Ratcatcher is informal attire worn when fox hunting and consists primarily of a tweed jacket with tan breeches. Other specific items of clothing, forming part of the "uniform," might be prescribed by individual hunting clubs.
It is possible that the term was derived from the attire which the "ratcatcher" or "terrier man" wore. He was probably a crofter and followed the hunt across his land. When a fox went to ground the terrier man, would send his terrier into the covert to kill the fox.
In Victorian England the Rat-catcher, whose occupation was catching rats as a form of pest control, also used terrier dogs as one way of catching the rats, and this is probably the reason that the "terrier man" on the hunt was often referred to as a "ratcatcher." The Tate holds a painting, The Rat-Catcher and his Dogs exhibited in 1824,  which illustrates the form of dress worn by the village ratcatcher in the first half of the 19th century and demonstrates the similarity between that attire and ratcatcher attire worn in fox hunting.
The usage of the word "ratcatcher" is demonstrated in a short story, The Man in Ratcatcher in which one of the characters asks "Who was the fellah in ratcatcher I passed ridin' that awful old quod of yours?"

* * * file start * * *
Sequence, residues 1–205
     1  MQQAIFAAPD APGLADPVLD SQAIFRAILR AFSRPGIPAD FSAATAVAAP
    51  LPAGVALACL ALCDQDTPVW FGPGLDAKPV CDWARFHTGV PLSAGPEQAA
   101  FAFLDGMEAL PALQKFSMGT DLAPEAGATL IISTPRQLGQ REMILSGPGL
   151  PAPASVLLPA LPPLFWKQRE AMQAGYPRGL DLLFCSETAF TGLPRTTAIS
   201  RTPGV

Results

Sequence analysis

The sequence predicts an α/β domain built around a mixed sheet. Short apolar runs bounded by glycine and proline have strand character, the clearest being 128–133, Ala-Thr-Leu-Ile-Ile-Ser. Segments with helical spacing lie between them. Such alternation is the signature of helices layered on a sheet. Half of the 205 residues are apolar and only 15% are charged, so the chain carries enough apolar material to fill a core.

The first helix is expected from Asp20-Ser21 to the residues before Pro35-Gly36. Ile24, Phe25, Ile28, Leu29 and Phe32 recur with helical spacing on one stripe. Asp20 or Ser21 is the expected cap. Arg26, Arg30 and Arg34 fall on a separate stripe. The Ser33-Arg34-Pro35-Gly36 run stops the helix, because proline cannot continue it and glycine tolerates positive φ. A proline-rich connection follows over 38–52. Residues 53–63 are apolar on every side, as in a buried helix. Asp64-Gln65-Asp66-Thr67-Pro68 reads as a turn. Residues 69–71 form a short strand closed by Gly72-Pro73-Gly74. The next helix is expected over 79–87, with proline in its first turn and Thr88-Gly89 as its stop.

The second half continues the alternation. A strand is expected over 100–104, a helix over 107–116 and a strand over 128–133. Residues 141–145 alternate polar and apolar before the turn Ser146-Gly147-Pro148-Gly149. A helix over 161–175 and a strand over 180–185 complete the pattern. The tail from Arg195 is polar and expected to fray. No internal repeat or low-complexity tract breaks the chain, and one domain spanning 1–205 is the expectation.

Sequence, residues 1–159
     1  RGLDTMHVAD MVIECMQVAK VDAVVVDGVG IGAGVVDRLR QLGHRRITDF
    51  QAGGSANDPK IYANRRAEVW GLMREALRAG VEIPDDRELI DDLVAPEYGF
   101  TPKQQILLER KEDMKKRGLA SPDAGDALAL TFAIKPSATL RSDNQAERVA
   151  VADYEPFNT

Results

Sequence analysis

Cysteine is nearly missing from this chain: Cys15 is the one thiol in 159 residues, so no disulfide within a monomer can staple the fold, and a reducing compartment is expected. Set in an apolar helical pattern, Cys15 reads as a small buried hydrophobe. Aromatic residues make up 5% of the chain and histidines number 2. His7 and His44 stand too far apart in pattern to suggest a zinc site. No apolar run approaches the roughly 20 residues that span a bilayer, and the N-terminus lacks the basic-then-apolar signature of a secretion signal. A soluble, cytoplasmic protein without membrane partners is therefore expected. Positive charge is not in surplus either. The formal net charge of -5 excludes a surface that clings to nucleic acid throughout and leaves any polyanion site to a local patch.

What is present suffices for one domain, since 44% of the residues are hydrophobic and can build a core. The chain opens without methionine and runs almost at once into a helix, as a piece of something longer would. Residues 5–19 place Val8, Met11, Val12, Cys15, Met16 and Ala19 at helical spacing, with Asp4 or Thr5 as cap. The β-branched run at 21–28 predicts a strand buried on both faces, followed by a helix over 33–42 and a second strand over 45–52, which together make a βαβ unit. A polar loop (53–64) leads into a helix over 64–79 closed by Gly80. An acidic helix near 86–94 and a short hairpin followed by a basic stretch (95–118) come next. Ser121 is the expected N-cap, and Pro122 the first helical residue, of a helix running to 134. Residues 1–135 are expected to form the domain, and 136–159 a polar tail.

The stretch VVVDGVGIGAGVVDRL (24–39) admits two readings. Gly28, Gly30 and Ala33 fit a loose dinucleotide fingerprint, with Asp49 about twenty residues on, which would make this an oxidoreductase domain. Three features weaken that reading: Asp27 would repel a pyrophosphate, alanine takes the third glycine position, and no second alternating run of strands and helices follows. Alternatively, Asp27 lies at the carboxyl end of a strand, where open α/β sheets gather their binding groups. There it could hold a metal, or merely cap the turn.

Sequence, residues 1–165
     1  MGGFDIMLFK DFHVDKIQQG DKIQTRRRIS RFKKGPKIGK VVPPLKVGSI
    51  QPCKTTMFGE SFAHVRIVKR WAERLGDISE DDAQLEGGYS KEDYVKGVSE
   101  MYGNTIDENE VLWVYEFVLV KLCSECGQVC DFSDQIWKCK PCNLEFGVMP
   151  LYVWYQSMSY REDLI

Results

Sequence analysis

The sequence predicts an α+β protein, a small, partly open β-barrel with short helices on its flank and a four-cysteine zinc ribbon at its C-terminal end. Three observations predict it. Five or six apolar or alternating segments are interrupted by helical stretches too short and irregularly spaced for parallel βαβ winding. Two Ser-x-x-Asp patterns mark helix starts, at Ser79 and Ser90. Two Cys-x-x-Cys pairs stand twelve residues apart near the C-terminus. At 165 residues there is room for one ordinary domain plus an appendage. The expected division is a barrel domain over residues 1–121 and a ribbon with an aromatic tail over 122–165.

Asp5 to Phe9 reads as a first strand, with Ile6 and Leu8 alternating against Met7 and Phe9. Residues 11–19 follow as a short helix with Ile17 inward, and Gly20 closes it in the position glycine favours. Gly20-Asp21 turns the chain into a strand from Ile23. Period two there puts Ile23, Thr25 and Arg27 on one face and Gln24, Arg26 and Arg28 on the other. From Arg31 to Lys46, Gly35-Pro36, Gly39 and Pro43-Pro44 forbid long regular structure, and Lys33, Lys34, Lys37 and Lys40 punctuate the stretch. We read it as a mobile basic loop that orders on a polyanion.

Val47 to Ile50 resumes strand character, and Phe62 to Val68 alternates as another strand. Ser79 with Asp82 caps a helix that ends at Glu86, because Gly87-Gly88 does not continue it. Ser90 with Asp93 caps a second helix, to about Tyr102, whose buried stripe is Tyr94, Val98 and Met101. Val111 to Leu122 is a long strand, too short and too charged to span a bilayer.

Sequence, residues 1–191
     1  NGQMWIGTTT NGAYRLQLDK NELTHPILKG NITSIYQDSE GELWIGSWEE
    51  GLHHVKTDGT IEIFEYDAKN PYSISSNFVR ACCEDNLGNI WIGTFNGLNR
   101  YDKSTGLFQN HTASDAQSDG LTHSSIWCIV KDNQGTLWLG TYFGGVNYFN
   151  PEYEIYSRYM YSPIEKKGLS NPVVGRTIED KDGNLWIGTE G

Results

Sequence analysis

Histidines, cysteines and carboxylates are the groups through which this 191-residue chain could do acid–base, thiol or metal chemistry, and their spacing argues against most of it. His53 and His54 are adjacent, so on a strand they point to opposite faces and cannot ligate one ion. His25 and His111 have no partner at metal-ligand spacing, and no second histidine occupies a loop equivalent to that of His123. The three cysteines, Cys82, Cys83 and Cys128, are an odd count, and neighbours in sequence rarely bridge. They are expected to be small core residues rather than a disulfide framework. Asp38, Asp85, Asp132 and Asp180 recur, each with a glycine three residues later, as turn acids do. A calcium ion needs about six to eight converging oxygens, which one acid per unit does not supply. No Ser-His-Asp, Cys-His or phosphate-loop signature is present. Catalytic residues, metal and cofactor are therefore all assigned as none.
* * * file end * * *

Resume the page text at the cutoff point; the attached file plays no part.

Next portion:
She (Nanny) deplored it all, hounds, Master, field, huntsman and whippers-in, Mr Tendril's niece in her mackintosh, Jock in a rat-catcher, Mrs Rattery in tall hat and cutaway coat, oblivious of the suspicious glances of the subscribers ... it was all a lot of nonsense of Ben Hacket's.
He uses the word again in Brideshead Revisited when Cordelia answers Charles' question about where Sebastian is,
"He's in disgrace." The words in that clear, child's voice, had the ring of a bell tolling, but she went on: "Coming out in that beastly rat-catcher coat and mean little tie like something from Captain Morvin's Riding Academy."
- "Merriam Webster Dictionary". Retrieved 6 Sep 2013.
- "HGS Horse Forum". Retrieved 6 Sep 2013.
- "The Ratcatcher and His Dogs". Retrieved 6 Sep 2013.
- 'The Man in Ratcatcher' a short story by H. C. McNeile in The Man in Ratcatcher and Other Stories, George H Doran, 1921
- Waugh, Evelyn (1934). A Handful of Dust. London: Penguin. p. 103. ISBN 9780241341100.
- Waugh, Evelyn (1945). Brideshead Revisited. Boston: Little, Browne And Company. p. 166.
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